The proportion of carbon emissions attributed to the consumption of refractory bricks -- heat-retardant materials used to line smelting furnaces -- is set to become a growing focus for the steel industry, particularly as steelmakers reduce their own direct CO2 emissions and look to make further savings elsewhere in the process.
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Stefan Borgas, CEO of Vienna-headquartered LSE-listed refractory supplier RHI Magnesita, told S&P Global Commodity Insights in a recent interview that companies such as his own are increasingly being encouraged by downstream users to focus on decarbonization and innovation themselves.
Refractory bricks are used in the production of most metals, although the steel sector currently absorbs two-thirds of the market.
At present, refractory-related emissions make up 3-4% of steelmakers' overall carbon footprint. However, as the sector shifts to much greater use of direct reduced iron-electric arc furnace technology from the 2030s, eliminating coal burning and the associated CO2 emissions, the proportion of emissions assigned to the use of refractories could effectively reach 20-35%, Borgas said, at which point it will become an important target for companies seeking to further burnish their green credentials.
"We know of 20 projects [replacing blast furnace-based technology with DRI-EAF] in Europe, six in North America, two in South America, seven or eight in China, three to four in India. There are some in the Middle East, Japan, South Korea, but in a big way, the change away from blast furnace toward EAF will happen after 2030 because its capex is extremely high, and a lot has to be tested first," Borgas said.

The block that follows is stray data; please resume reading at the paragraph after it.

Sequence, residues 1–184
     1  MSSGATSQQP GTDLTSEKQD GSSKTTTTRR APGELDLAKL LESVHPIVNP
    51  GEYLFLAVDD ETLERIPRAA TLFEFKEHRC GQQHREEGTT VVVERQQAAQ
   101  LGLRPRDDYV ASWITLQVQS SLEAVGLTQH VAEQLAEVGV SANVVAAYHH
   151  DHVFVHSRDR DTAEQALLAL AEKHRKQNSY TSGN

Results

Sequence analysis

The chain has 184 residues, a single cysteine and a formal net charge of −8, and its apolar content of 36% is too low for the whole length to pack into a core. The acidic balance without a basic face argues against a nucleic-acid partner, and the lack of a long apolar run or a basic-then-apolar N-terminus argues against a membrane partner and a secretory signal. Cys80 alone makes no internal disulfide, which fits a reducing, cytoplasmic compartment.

The trend will have a moderately positive effect on refractory demand, Borgas said, although he added that the actual total volume of emissions from refractories will likely fall somewhat over the same period, as a result of efficiencies.
Borgas said that global refractory needs for the changing market -- DRI- and EAF-based mills will require more technically advanced products -- can be supplied by existing producers, although he added that India will require extra capacity. At present, refractory demand amounts to some 10 million mt/year.
Some 80% of refractory emissions come from the extraction and calcination of raw materials, with 20% from the manufacturing process, mostly from the burning of fossil fuels to achieve the high temperatures needed to temper refractories.
"For the refractory making, the solution is to replace gas, oil with hydrogen, but to effect the fuel switch we need the countries in which we operate to provide hydrogen," Borgas said.
Borgas said that further savings can be made in the reuse of raw materials from spent refractories.
For example, five years ago, RHI Magnesita was using 2% of recycled content in its products but this has now risen to 13%, but he predicted that this could only exceed 15-17% with new technology.
"Refractories are very complex. We buy 3,000 raw materials to make 300,000 products. When we take them back as waste, the biggest question is how to sort it and get it back into the molecular mineral structure it had before," Borgas said.
The most challenging issue for refractory producers is the capture of CO2 from their output processes.
Borgas said that RHI Magnesita is collaborating with Australian MCi Carbon to turn emissions into solid bulk materials, adding that the two companies want to build a plant at Hochfilzen, Austria, to convert carbon emissions into commercial products, aiming for launch by 2030.
The company also sees the potential of using solar energy at its Brumado plant in Brazil as a way of decarbonizing.
RHI Magnesita's own CO2 emissions have plunged from 5.5 million mt to 4.2 million mt in 2022 as a result of recycling and smarter energy use.